Adam Pearce:
I think it is, yeah.

Richard Hill:
Yeah, yeah. I literally went to a conference probably two months ago in London and I got obviously so many points. It's like, "Oh, you're so many points away from getting X, Y," all right. So the next time I went to something else more local, I actually stayed in a Hilton, which I probably wouldn't have done, to be fair, but it was obviously to get what was probably the equivalent of about four quid's worth of... but actually, the Hilton's great. I don't mind either, but it definitely persuaded me, definitely swayed me to stay there.

Richard Hill:
Okay, so a couple of things there, then. Very much the loyalty and obviously encouraging people to come back to get access to or unlock maybe gated treats or gated benefits. What else is it, then? What else? We've bought, we're now trying to get them back. We have a well-timed email. We've now introduced and got them started on the ladder of the incentives. What else can we look at?

Adam Pearce:
I think the other thing is, and I think agencies are pretty crap at doing this, our sales included in this, is that we don't think about things like fulfillment, delivery, packaging, because look, traditionally speaking, a typical eCommerce agency like ourselves, we wouldn't really get too involved in that. But the point is, is that from an agency point of view, we are trying to help those clients increase their customer lifetime value. That's what we're trying to do. So if we're helping with those other things and that increases their customer lifetime value, we then will hopefully retain that customer longer.

Adam Pearce:
There's a really great new technology or app that's come about in the moment called Penny Black. What these guys do is that they actually allow you and enable you to personalize your packaging. So what it does is that it works with a fulfillment center or wherever you are printing your packaging, and it will look at the purchase history and the loyalty program that they're a part of and print different messages within different boxes. So for example, if it is the third order that someone has purchased and you know that when they do their fourth order they're going to get something extra, you can tell them inside of that packaging that you're going to send out to them.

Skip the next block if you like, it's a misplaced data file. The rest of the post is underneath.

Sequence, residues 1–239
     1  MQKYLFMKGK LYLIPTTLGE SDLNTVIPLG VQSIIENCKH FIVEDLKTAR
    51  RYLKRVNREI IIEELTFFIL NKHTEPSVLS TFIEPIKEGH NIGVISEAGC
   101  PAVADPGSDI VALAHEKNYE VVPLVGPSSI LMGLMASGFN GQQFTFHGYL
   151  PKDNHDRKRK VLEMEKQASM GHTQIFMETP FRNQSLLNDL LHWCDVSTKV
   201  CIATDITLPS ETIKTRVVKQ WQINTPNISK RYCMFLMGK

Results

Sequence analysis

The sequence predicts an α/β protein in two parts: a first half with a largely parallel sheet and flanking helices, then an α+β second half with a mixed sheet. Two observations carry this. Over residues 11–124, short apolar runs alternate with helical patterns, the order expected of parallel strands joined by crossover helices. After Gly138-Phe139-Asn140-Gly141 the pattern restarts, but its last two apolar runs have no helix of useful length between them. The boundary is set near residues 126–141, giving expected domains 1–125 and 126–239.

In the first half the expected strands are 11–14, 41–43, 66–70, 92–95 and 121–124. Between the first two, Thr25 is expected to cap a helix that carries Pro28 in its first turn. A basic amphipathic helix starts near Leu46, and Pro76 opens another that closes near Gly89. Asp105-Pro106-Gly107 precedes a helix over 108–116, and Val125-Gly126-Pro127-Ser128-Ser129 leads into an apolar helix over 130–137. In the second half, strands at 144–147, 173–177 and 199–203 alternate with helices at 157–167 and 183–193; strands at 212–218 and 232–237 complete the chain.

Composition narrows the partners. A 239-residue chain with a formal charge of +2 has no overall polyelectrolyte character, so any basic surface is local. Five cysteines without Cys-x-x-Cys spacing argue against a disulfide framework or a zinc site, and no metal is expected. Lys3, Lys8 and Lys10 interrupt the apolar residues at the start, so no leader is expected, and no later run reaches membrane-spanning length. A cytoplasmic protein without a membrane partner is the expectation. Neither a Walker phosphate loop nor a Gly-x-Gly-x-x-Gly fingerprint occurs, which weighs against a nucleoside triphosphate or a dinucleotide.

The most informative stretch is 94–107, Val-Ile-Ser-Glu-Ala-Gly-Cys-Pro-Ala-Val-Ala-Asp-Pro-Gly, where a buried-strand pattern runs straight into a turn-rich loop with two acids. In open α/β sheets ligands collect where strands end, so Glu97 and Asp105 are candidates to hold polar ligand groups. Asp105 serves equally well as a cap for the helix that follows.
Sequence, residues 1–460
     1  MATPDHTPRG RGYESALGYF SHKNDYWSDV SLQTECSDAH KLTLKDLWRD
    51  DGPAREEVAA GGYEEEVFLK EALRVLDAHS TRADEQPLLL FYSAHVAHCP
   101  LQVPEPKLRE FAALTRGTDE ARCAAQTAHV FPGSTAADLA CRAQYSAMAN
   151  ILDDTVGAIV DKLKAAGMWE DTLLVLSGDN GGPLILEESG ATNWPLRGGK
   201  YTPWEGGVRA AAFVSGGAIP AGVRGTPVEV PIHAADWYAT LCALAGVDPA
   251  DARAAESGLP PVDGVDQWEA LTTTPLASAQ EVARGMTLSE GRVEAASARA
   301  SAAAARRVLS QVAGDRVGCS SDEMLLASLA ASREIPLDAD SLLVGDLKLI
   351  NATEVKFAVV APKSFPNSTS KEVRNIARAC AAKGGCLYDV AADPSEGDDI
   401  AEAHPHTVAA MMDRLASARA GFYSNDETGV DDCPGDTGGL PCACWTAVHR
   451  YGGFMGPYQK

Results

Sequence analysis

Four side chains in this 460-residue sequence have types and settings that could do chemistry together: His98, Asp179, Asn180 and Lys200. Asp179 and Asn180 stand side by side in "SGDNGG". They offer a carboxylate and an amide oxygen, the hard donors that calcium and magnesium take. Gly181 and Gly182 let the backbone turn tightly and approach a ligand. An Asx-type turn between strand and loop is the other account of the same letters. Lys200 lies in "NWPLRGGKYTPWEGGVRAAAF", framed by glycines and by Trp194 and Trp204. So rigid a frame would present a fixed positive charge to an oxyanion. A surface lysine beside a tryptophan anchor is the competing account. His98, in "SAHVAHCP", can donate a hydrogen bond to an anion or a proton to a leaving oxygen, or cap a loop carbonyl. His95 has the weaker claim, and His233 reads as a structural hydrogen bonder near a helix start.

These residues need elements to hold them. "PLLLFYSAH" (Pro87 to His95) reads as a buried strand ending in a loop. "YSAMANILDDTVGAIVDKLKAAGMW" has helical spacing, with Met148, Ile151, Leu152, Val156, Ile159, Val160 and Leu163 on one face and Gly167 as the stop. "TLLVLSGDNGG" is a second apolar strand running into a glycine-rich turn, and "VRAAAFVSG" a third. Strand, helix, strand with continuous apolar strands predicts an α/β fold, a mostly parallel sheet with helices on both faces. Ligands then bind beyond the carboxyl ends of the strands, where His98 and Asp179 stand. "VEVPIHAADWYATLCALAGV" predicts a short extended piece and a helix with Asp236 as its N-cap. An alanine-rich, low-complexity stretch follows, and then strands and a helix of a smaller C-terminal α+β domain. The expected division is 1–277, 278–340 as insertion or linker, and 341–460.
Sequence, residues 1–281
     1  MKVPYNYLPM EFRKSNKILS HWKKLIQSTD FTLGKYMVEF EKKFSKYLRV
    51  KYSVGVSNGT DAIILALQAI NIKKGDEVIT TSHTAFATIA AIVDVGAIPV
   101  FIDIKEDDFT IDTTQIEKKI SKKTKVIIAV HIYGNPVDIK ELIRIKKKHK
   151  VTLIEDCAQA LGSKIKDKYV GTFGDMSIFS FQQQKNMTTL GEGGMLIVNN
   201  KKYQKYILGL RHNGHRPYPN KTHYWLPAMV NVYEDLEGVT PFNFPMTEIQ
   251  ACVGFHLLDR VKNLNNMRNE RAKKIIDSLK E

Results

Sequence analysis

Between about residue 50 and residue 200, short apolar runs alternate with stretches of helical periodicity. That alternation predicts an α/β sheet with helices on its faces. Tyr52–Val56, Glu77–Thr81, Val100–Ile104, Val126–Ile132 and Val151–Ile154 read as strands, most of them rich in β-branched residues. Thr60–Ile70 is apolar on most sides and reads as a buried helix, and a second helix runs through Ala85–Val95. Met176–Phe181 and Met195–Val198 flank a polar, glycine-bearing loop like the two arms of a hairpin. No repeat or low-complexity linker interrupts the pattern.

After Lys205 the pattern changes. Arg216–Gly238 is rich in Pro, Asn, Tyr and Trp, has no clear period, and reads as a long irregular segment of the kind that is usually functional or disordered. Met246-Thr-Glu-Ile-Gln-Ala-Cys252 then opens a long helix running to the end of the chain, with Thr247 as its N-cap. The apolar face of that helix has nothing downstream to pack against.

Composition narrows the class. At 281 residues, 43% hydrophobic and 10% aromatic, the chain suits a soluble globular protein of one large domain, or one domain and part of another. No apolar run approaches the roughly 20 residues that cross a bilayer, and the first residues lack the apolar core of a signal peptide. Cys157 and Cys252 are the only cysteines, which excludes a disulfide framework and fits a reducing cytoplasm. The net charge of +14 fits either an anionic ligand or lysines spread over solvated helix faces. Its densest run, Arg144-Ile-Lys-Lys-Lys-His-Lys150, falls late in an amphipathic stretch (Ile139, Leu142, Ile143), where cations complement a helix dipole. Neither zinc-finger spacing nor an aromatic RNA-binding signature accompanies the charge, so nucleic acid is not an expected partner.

Richard Hill:
Next time.

Adam Pearce:
So it's these little touches that make you more memorable. And even with packaging, making it a bit more fun. I remember seeing an example from a Dutch brand, who, they were very much just sending out a package that was a brown box. All they did is that they literally changed the color of the box to be blue and they put what looked like a zip on it. So basically what was happening is that when you pull what looked like a zip, it opened it up, you opened the package and there it was.

Adam Pearce:
Now, from a cost point of view, it only increased their cost by 3%, but what they found is that afterwards, then, the customer service issues they had went down by 20%, and secondly, their retention went through the roof because the whole experience of unboxing was made actually more fun. Rather than just being like getting a standard Amazon package through the post, you're giving them something a bit more about that experience. It's just these little touches that a lot of the time you go, "Yeah, but whatever. It's just a little thing," but this is a thing about customer experience, it's all these little one-percenters that then add up to bringing that lifetime value customer up and retaining them.